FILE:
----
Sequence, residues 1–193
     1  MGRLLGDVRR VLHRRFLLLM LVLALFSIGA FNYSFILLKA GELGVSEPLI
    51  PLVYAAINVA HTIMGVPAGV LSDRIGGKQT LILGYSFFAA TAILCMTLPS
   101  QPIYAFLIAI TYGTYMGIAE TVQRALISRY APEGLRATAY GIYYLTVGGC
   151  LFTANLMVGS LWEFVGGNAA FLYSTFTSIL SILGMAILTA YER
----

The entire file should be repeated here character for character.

Sequence, residues 1–193
     1  MGRLLGDVRR VLHRRFLLLM LVLALFSIGA FNYSFILLKA GELGVSEPLI
    51  PLVYAAINVA HTIMGVPAGV LSDRIGGKQT LILGYSFFAA TAILCMTLPS
   101  QPIYAFLIAI TYGTYMGIAE TVQRALISRY APEGLRATAY GIYYLTVGGC
   151  LFTANLMVGS LWEFVGGNAA FLYSTFTSIL SILGMAILTA YER